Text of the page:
Mauricio Pochettino thinks Arsene Wenger could be the last Premier League manager to remain in charge of a club for a generation.
Wenger is the longest-serving manager in the league by a huge distance, having been in his post at Arsenal since 1996.
Only Bournemouth's Eddie Howe and Burnley boss Sean Dyche have lasted more than five years at their clubs, while Pochettino's three-and-a-half years at Tottenham make him the fourth longest serving manager in the Premier League.
And Pochettino, speaking ahead of Saturday's north London derby between Tottenham and Arsenal, thinks impatience from club owners will make it impossible for anyone to last as long as Wenger.
"It's difficult [to be like Wenger]," Pochettino told reporters. "For different reasons, it is tough. Maybe we are talking about one of the last managers to be able to apply this power over everything in a football club.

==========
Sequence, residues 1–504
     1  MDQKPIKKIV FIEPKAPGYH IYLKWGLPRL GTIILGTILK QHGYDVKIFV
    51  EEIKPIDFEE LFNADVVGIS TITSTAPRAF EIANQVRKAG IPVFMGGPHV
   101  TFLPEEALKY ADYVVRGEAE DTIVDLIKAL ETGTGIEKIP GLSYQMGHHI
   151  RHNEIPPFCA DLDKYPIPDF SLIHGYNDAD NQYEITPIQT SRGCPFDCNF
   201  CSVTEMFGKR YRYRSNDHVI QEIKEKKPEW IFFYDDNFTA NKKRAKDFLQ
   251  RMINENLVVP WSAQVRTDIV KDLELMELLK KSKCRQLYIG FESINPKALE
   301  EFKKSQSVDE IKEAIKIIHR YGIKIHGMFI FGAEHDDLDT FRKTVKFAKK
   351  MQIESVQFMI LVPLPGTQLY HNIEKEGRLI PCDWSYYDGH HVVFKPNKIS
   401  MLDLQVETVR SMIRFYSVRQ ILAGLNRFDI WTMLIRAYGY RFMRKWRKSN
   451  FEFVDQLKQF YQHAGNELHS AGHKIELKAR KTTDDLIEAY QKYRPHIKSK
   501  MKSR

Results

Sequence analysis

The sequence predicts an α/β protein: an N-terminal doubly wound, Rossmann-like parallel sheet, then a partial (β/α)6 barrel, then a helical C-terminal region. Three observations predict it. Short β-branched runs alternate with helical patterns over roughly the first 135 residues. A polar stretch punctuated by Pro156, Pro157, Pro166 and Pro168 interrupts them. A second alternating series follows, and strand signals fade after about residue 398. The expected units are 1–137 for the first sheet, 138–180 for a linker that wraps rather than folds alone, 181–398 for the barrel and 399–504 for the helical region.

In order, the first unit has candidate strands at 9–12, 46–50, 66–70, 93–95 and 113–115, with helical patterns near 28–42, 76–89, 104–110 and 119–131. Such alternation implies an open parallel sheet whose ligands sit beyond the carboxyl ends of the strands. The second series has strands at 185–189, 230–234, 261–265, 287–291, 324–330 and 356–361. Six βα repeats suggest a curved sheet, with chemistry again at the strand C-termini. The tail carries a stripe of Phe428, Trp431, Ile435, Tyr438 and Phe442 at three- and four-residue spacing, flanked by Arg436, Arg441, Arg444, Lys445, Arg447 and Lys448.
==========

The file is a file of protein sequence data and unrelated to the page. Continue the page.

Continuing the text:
"The owners are different these days. Before, England was a little bit of a paradise for football. It was unique: there was respect for projects, for people, respect for managers, and even when I arrived at Southampton five years ago, it was still there.
"But now the owners are different. When English football started to integrate more with European football, England started to share the Latin culture more. And in the last few years, everything that has happened in the English game is similar to what would happen in another European country."
Tottenham have ended talk of a 'Wembley curse' with a 12-game unbeaten run in the Premier League at their temporary home, beating Manchester United 2-0 in their last match at the national stadium.
Pochettino believes Spurs, who will move back into a redeveloped White Hart Lane for the 2018-19, now feel at home at Wembley.
"It was difficult at the beginning," Pochettino said. "It's like when you move house. You're born and you grow up all your life in a house and after 20 years you move to another house. You need time to adapt to everything.
"The first few nights you don't sleep because everything is completely different. It's a new house but it's not your home. Now we start to feel that it's home, when before it was just a new house.
"For the fans, it's the same. It's difficult to adapt for the fans because they're so spread out and they were always in the same place all their life, with the same people next to you, in the same bar before the game. We are creatures of habit."